There’s so much hype regarding Microsoft’s Windows 8 which will be released later this year. The new and improved OS boasts of a new interface that would streamline the experience across PCs and mobile devices such as tablets and smartphones.
So what’s so great about Windows 8? What makes it different from older Microsoft operating systems? Well, for one, they’re getting tougher on malware and piracy.
Tougher Windows OS
Windows 8 will feature a picture password sign in option so unauthorized users, like pesky brothers/sisters/annoying roommate won’t be able to set their eyes on your secrets. As for those people who like using pirated OS, this will be very bad news for you: the Unified Extensible Firmware Interface (UEFI) will replace BIOS ROM in order to verify software before it executes and ensure that no untrusted code runs before the operating system loads. Then there’s the built-in antivirus, Windows Defender, which automatically activates when no AV solution is detected.
Chris Valasek, a senior security research scientist at development testing firm Coverity discussed with The Register how Microsoft drastically changed their security measures in order to keep up with the flourishing malware attacks. They designed Windows Memory Managers (specifically the Windows Heap Manager and Windows Kernel Pool Allocator) to make it extremely hard for attackers to exploit buffer-overflow vulnerabilities and the like to push malware onto vulnerable systems.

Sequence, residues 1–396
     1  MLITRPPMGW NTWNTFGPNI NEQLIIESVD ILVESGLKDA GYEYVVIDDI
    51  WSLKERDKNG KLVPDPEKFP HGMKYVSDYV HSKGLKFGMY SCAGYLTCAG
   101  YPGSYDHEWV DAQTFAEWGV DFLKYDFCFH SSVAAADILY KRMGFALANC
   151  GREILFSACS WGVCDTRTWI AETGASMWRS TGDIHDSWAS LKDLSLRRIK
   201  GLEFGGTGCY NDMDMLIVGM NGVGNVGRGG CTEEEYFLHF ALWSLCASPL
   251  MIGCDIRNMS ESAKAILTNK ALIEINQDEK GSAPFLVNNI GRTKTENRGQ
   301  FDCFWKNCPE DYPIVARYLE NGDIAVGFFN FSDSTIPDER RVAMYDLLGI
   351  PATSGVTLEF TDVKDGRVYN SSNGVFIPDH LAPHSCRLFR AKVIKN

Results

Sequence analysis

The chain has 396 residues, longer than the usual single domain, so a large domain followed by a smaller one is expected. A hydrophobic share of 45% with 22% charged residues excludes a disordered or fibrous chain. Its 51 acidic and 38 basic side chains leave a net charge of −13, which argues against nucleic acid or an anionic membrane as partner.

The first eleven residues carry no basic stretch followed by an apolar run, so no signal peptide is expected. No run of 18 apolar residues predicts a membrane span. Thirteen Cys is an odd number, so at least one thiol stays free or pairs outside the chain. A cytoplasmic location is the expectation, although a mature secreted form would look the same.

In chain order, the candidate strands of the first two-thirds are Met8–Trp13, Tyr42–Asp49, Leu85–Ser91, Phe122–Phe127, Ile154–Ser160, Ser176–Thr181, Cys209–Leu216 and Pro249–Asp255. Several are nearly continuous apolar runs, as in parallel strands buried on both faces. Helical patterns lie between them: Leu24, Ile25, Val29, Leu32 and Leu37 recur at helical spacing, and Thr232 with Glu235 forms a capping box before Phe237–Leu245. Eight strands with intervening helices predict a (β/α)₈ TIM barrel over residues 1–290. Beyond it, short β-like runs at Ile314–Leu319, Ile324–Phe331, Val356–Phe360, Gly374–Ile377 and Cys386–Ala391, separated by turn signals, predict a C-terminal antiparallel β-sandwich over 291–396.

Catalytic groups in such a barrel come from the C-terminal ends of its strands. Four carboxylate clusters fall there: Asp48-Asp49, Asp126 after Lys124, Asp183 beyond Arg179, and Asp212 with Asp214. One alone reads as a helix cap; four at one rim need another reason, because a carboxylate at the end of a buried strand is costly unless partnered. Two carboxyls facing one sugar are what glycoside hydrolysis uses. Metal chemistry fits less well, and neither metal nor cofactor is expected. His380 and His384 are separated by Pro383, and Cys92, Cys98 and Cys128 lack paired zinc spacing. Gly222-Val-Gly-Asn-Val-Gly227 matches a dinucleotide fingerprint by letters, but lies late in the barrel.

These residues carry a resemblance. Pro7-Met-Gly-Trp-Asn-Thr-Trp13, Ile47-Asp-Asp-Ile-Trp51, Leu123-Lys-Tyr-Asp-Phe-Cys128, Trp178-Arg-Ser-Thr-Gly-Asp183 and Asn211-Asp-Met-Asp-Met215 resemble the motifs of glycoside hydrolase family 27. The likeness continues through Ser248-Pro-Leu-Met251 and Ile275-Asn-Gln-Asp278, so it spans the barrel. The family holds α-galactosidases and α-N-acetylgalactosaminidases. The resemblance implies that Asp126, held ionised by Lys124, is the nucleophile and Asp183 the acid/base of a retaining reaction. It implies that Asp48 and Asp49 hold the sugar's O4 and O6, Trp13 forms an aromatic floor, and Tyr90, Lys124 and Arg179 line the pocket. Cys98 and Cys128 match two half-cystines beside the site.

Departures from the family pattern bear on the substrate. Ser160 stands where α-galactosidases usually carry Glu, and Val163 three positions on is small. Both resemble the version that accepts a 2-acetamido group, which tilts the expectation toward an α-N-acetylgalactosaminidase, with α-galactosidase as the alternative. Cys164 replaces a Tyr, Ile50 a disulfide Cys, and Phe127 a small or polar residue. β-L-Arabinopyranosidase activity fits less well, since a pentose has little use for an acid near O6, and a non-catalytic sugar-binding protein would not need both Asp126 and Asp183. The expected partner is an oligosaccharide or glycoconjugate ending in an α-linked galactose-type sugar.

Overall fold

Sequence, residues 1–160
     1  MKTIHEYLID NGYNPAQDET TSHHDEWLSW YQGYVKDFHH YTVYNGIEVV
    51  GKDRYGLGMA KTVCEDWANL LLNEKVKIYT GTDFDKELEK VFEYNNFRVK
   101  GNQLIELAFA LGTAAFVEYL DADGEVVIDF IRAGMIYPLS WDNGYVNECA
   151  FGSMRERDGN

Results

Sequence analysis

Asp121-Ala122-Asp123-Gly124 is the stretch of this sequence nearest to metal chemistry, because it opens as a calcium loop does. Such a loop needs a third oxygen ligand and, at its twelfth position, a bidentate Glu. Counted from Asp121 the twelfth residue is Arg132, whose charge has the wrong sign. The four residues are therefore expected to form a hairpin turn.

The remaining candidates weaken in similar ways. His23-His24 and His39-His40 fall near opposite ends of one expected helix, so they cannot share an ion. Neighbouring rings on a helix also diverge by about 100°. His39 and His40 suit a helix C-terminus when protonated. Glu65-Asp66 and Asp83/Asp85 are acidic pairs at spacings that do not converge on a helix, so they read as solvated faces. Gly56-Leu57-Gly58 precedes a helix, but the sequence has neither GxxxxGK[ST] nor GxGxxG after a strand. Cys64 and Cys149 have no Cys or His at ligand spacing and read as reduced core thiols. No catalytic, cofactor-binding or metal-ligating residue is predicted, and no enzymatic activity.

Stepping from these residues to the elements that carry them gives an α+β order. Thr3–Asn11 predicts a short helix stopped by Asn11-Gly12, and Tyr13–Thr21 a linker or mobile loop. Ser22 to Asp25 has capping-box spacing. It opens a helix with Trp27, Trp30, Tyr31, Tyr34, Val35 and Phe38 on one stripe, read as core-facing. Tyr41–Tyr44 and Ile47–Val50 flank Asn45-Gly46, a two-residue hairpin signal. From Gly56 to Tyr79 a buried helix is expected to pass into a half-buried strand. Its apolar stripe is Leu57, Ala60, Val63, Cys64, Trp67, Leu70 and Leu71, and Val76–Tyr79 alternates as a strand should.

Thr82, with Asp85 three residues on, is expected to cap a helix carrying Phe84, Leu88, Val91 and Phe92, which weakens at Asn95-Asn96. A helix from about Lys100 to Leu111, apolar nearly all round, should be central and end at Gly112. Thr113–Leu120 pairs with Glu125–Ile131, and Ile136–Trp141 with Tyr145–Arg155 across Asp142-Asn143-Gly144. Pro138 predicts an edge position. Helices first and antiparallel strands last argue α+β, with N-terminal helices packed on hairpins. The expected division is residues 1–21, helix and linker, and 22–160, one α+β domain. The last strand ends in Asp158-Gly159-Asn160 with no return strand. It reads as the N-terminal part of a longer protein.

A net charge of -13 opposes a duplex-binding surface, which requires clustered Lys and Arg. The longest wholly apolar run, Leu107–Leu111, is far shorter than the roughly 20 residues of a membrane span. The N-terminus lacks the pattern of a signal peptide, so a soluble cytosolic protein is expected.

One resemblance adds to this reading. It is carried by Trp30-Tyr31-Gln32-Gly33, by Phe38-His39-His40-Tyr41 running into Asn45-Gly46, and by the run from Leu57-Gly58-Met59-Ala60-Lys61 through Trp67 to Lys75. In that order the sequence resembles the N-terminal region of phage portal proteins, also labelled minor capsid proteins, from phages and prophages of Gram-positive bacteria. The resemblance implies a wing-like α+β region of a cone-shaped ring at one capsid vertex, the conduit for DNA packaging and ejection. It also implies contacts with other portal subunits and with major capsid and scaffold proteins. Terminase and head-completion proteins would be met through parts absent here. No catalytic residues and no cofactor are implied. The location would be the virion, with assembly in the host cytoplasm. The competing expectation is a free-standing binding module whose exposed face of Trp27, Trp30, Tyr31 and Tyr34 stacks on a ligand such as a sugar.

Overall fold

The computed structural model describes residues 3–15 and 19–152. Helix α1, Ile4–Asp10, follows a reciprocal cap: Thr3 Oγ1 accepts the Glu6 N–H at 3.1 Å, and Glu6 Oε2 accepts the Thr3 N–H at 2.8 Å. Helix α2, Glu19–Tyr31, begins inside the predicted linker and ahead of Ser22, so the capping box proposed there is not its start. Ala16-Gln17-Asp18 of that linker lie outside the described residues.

“There are always going to be vulnerabilities but you can make it difficult to leverage vulnerabilities to write exploits,” Valasek explained. “It’d be naive to think there’ll be no new vulns.”
Another thing Microsoft tweaked is their app store as it will restrict apps to only perform actions that are needed in their declared functions. So even if malware-laced apps get into their app store, they will prevented to wreak havoc.
“These new Windows 8 Apps will be contained by a much more restrictive security sandbox, which is a mechanism to prevent programs from performing certain actions,” Valasek explains. “This new App Container provides the operating system with a way to make more fine-grained decisions on what actions certain applications can perform, instead of relying on the more broad ‘Integrity Levels’ that debuted in Windows Vista/7.”